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An Overview of OFCCP’s Newly Posted Sample Affirmative Action Plans and What You Need to Know

Patrick Savoy, PHR, SHRM-CP

Brief review of all three Affirmative Action Plans

In May 2015, OFCCP released a new series of sample affirmative action plans to replace the sample plan previously available on its website. Of particular interest are the first samples of the updated Section 503 (IWD) and VEVRAA (Vets) components.

The sample plans present a view of OFCCP’s expectations for plans constructed under its revised regulations. They include new policy text and sample numerical reports that reflect the new record keeping requirements. Since many contractors have already designed plans under the new regulations – and some of the reporting may differ in format/content/scope, compared to the released samples – we’ve outlined the changes to inform you of what portions can be included in a modified version or omitted all together.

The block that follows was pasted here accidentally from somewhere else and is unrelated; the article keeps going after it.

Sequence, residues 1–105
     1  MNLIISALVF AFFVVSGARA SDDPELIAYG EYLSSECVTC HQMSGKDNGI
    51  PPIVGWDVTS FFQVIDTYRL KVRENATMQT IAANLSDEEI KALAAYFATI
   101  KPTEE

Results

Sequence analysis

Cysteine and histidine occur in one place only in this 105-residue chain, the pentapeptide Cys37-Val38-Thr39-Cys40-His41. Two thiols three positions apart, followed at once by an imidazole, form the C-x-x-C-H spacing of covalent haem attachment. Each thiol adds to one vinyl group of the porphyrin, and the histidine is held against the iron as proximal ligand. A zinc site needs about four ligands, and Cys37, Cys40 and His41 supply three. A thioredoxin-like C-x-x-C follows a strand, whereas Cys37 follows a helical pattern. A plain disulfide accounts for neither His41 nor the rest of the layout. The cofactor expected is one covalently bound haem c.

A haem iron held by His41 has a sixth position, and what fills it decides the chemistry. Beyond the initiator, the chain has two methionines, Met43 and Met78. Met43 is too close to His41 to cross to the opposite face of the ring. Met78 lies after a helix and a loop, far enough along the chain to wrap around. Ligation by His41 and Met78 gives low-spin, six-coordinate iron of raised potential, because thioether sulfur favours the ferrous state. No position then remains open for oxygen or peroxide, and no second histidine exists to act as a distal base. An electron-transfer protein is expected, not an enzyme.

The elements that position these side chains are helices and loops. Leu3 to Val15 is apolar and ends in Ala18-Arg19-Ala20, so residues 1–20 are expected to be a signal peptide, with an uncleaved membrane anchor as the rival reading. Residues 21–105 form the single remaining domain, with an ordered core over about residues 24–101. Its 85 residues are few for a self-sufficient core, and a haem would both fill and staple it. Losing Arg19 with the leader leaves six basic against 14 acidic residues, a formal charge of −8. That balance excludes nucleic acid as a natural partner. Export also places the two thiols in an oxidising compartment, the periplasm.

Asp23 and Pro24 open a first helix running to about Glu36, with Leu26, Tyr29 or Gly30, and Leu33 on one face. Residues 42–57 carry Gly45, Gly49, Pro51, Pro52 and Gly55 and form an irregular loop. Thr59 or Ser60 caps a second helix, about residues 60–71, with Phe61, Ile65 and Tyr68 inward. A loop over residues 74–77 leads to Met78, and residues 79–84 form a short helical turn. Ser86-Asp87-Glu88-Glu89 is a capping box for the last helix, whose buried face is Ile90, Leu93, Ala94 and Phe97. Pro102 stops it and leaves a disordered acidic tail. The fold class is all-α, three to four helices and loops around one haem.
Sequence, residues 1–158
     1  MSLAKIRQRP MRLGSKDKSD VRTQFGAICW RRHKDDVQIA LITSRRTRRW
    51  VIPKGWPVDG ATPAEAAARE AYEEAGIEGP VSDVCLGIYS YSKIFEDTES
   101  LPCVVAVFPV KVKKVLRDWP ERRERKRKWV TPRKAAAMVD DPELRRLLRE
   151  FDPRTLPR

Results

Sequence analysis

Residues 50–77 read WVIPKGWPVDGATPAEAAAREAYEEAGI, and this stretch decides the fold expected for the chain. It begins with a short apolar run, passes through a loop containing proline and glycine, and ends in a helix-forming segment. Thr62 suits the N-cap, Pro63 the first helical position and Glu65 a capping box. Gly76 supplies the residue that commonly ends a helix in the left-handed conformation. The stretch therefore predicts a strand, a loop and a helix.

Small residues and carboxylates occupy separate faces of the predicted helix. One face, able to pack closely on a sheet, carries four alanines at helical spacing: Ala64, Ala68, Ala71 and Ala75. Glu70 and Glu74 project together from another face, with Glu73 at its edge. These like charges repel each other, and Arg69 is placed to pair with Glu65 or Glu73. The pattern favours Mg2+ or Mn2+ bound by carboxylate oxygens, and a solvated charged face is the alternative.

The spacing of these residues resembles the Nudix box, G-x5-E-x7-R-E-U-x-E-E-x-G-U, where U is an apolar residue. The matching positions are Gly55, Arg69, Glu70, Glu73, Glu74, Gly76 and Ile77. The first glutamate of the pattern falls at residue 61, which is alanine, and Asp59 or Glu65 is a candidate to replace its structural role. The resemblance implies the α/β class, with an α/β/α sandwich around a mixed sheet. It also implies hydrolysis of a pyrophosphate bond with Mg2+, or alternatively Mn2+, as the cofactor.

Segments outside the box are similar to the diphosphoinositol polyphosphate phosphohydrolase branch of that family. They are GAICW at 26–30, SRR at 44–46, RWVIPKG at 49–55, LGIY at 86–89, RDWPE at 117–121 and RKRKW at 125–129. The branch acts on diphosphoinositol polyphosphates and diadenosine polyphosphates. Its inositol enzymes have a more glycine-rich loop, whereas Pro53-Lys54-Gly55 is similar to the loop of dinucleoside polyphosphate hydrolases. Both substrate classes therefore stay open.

OFCCP Sample Plan page

Additionally, on the site, OFCCP provides a couple important points in its introduction that are worth noting.

  1. “The following sample AAPs are for illustrative purposes only and do not represent the only styles and formats that meet regulatory requirements”
  2. “When preparing AAPs, they should be customized to reflect an employer's organizational structure, policies, practices, programs, and data.”

The two quotes are important because they help affirmative action plan development firms, like OutSolve, clarify that the OFCCP format is not a mandatory template that people are expected or more importantly, required, to follow. At OutSolve, for example, we provide many reports in a very similar format while others are designed achieve the same compliant objective, but in a more efficient manner. Also, different organizations have different needs that must be reflected using other suitable methods. OFCCP has been accepting, and even showing great appreciation for well-organized and effective plan types for years. Unfortunately, many contractors will undoubtedly expect consulting firms to follow the OFCCP structure to the letter. We can comfortably say that expanding AAPs upon the basic boilerplate and tailoring plans to the compliance needs of set clients is ok, and often more acceptable.